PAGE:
I got my KitchenAid machine for around $350 eight years ago refurbished and I got the grinder as a gift.....I use both AT LEAST once per day, sometimes more often. I don't even have a regular coffee pot out anymore unless company is coming.


HOWEVER: If money were no object, Coffee Geek highly recommends:


Rancilio Silvia http://www.wholelattelove.com/Rancilio/ra_silvia_2009.cfm

combined with the

Rocky grinder: http://www.wholelattelove.com/Rancilio/rockyracilio.cfm

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I use one of these stovetop espresso pots instead of a machine. You can frequently find them cheap at Ross/Marshall's/TJ Maxx-type places. You can sometimes find frothers there too, but not the type I like. I use Cafe Bustelo, it's widely available in grocery stores.



This stovetop option is hands down the cheapest (and best for anything but pretty much top dollar) way to do espresso at home.

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I use one of these stovetop espresso pots instead of a machine. You can frequently find them cheap at Ross/Marshall's/TJ Maxx-type places. You can sometimes find frothers there too, but not the type I like. I use Cafe Bustelo, it's widely available in grocery stores.


We use these! These are basically the standard coffee maker in any Italian kitchen. They last for years. We just had to replace the last one, as my husband forgot to fill it before lighting the stove...it sort of imploded.:D

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I'd love to put in a plug for the Aeropress. Hard to get easier (or cheaper) than that. Great description there at Amazon. Quote:


Most coffee lovers agree that espresso is less bitter than drip brew because of the shorter brewing time. However when we ran comparison taste-tests in the homes of espresso lovers, they all agreed that AeroPress espresso tasted better than the brew from their high-priced European espresso machines--why? The reason is that the total immersion brewing of the AeroPress yields a robust flavor at lower temperature--and lower temperature brew is far less bitter. Home espresso machines don’t allow adjustment of temperature. But even if they did, their lack of total immersion would not yield robust flavor at reduced temperature.


It's not strictly espresso (esp because it still uses a paper filter), but ohhhh my goodness, is it good stuff (and no tamping! and it's less important how finely ground the coffee is), a wonderfully concentrated coffee, perfect base for lattes and cappuccinos. And I'm a HUGE espresso/latte drinker (Sbux and the like), or at least I was before we moved to a part of the world where they don't know what those are.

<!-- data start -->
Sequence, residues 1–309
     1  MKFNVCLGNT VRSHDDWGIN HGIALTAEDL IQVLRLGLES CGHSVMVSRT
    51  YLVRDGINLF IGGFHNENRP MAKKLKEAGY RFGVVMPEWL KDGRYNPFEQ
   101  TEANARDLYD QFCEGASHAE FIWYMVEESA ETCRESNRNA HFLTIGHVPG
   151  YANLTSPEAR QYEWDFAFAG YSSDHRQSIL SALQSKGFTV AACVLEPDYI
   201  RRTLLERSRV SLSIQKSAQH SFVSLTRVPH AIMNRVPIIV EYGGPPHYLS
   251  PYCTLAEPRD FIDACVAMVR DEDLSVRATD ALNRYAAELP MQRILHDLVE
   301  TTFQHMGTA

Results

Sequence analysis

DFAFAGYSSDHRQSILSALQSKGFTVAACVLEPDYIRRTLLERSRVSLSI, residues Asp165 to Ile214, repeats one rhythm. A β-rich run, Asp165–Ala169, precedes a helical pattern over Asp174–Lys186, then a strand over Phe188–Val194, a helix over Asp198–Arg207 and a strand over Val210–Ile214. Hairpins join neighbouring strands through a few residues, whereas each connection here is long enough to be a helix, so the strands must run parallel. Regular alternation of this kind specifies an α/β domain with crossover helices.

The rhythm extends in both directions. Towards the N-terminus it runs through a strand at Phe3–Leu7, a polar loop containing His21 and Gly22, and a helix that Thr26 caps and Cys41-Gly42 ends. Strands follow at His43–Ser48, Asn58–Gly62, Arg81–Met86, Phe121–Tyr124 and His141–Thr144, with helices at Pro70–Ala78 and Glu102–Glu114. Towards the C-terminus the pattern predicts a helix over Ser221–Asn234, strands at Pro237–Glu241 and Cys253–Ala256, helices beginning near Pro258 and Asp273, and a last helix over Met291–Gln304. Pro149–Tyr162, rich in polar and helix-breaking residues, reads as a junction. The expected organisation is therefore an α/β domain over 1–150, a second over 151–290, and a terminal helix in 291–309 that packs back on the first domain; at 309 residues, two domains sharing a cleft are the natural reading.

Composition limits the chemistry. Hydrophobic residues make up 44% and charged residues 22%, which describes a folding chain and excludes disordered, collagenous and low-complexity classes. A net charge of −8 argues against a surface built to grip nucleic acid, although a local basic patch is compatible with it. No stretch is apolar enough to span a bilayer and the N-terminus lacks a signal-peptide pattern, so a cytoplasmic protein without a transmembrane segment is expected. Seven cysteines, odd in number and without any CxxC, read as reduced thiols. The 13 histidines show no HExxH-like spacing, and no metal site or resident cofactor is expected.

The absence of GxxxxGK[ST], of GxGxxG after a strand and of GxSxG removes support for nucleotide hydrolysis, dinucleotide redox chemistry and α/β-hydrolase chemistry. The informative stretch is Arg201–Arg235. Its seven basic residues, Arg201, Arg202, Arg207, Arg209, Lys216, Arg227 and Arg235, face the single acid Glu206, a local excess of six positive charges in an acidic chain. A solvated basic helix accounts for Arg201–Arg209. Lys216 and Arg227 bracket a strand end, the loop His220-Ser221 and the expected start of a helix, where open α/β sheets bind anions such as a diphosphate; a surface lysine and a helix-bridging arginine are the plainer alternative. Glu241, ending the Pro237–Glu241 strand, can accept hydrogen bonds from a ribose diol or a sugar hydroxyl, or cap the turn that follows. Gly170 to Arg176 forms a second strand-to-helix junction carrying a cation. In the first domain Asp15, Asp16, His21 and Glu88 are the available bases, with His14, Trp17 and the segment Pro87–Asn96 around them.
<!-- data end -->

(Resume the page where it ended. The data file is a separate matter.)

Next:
I also have a frothing wand I use for my cream--not this one exactly, but similar.


Just another option to throw in the mix.

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I second the Stove Top Espresso with the Cafe Bustelo.


If you enjoy the peppermint mocha at Starbucks you will like the following recipe.

Use a large coffee mug and put two scoops of hot cocoa mix in. (I make my own, so it is always here)

Squirt two pumps of peppermint flavoring in the mug. I use Torani syrup.

Make an espresso and pour it in the mug with the cocoa.

Heat milk in a small pan (add flavoring if desired) and froth. I use a immersion blender.

Pour frothed milk in cup.


Sometime we add whip cream and chocolate shavings on top.


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Ok, I need help with something.


I'm looking at getting a stovetop espresso maker from BB&B, since there's a store near us, and they have a good return policy. (I want to be able to return it if we use it and don't like it.)


The Bialetti brand has 1 cup, 3 cup, and 6 cup capacity pots.


I want to be able to make two shots of espresso at a time. Does '1 cup' mean it can make one SHOT of espresso, or it makes one actual 8oz cup of espresso? 'Cause best I can figure by googling, one shot of espresso is 1oz.


Help! If I get the 1 cup size, does that mean I have to make 8oz of espresso, even though I need only 2 oz?


ETA: Aha! I found the description on Amazon, and the 'one cup' makes (1) 2oz cup of espresso. So that really means the one cup makes a double shot. Right?

Edited by bethanyniez